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Category: ethics

Phorm For Phones 2: EE & Ipsos Mori Updated

An article in today’s Sunday Times, highlighted by SpyBlog and Ben Goldacre has revealed what the Sunday Times describes as the “discreet monitoring” or “snoop(ing) on the habits of millions of EE phone customers” as they came out of London’s Oxford Circus station. In other words, EE were monitoring and recording the actions of their customers and giving the data to Ipsos Mori in what is, no doubt a potentially very profitable enterprise.

Ipsos Mori was delighted with the results. In a deal with EE — Britain’s biggest mobile phone company, formed in 2010 from a merger between Orange and T-Mobile — the polling firm had purchased the exclusive use of the phone data and the test run in central London had shown its potential.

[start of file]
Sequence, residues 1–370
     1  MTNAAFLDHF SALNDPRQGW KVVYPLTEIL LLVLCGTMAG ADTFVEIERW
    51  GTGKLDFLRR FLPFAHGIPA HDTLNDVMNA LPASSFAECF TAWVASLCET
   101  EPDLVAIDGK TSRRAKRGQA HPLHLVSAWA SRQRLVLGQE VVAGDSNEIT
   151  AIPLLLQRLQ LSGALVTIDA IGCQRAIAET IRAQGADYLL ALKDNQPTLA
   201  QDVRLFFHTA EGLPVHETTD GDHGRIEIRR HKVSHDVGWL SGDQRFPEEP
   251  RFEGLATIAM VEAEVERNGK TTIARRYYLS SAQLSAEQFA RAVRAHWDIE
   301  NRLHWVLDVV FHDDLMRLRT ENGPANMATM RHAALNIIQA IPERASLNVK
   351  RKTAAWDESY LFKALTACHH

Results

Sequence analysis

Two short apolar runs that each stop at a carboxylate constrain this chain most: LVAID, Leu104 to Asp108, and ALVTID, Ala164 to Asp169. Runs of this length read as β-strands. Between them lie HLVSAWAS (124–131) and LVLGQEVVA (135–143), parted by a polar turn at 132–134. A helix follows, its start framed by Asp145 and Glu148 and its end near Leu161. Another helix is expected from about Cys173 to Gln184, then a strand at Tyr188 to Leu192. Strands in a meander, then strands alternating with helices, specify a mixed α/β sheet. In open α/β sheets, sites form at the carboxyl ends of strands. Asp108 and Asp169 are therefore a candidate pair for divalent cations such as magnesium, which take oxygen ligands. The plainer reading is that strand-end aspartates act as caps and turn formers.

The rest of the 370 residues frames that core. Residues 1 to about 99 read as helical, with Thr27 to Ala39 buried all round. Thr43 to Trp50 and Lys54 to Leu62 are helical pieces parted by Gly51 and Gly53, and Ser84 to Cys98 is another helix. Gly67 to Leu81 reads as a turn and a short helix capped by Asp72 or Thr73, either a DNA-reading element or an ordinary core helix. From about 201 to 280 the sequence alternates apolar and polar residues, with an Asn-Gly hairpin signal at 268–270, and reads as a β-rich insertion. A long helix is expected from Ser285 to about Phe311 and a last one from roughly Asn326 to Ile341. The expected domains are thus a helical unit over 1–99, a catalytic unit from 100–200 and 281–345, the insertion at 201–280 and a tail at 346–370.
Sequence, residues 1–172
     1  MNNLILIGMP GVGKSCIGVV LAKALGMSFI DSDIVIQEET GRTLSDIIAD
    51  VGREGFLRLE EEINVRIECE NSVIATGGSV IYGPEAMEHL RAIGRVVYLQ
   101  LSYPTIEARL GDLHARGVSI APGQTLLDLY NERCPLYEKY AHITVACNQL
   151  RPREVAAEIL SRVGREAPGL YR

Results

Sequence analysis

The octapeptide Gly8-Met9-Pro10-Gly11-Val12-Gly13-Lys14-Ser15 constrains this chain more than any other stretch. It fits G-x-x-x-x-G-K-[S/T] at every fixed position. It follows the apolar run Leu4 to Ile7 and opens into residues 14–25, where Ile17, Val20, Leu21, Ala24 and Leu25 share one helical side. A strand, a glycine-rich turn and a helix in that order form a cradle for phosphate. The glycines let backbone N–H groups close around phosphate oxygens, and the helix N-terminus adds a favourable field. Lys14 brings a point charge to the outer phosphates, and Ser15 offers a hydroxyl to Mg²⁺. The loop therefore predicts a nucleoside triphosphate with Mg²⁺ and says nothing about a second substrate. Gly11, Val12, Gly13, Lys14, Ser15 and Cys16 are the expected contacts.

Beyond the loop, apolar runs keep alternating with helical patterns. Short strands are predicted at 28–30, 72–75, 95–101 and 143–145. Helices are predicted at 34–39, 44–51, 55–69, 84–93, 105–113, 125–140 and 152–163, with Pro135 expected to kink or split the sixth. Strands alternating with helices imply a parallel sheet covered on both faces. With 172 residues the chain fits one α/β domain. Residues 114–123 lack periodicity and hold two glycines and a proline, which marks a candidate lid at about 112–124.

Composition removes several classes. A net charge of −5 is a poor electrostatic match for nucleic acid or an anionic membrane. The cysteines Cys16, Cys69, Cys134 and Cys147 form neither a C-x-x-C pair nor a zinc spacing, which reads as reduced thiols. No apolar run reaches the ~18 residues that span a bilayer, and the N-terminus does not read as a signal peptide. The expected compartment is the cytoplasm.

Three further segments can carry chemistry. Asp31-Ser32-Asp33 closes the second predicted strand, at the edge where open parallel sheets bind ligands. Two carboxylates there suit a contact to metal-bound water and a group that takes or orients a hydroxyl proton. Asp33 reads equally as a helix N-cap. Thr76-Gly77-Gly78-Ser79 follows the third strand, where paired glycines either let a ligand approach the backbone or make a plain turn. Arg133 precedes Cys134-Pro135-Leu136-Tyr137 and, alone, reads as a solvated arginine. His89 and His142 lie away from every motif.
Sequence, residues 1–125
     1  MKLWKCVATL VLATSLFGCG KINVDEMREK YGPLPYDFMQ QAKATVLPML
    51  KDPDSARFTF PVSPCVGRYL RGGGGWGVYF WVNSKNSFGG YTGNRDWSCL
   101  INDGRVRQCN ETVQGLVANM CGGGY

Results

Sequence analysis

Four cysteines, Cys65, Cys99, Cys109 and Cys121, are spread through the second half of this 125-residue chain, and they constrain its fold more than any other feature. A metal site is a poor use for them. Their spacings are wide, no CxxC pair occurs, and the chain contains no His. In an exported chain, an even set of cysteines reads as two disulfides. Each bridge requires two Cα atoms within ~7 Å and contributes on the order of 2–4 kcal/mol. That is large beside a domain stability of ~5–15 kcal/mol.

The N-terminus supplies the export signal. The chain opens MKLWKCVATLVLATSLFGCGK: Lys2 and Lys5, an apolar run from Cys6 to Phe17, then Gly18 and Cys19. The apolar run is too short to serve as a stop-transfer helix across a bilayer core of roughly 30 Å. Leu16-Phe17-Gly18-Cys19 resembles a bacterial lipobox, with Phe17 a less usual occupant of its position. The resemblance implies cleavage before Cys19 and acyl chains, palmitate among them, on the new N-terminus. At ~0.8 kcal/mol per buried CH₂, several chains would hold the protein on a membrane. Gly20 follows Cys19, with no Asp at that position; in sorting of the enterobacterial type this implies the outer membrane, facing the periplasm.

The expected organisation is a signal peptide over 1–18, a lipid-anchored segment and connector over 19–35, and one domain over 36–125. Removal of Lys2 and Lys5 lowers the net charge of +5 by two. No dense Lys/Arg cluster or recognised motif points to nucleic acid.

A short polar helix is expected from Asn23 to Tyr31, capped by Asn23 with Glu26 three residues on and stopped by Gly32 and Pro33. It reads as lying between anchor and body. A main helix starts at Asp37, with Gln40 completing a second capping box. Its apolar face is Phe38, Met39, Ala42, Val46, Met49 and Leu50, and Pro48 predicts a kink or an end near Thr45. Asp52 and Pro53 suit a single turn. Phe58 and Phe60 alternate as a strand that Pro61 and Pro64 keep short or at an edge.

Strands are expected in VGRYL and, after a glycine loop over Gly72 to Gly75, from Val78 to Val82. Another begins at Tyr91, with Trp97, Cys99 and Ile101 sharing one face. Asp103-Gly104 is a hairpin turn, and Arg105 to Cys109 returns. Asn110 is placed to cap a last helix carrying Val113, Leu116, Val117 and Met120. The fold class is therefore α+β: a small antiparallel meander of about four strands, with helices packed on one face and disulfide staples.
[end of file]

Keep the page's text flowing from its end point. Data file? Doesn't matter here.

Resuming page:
There are some serious echoes of Phorm here.

Continue reading Phorm For Phones 2: EE & Ipsos Mori Updated

Barbara Hewson: Bringing Negative Publicity To Her Employer?

In the aftermath of the Jimmy Savile revelations and the recent guilty plea by Stuart Hall to charges of indecent assault (including a 9 year old girl) there are many questions facing the BBC.  Many who grew up during that time may now be asking themselves who wasn’t involved in such vile conduct.  That Savile did not face trial for his conduct must be distressing for his victims.  Hall will be sentenced soon; anything less that a custodial sentence will surely cause outrage.  Matthew Norman in the Telegraph writes a balanced piece on why, despite his age, Hall must go to prison. I am on record as saying that the law must be enforced where it has been broken, as it usually seems to be.

Therefore it was extremely disturbing to read Barbara Hewson’s comments on Spiked Online which were reported by a number of news websites.  To say they were ill-considered and offensive is putting it mildly.

Continue reading Barbara Hewson: Bringing Negative Publicity To Her Employer?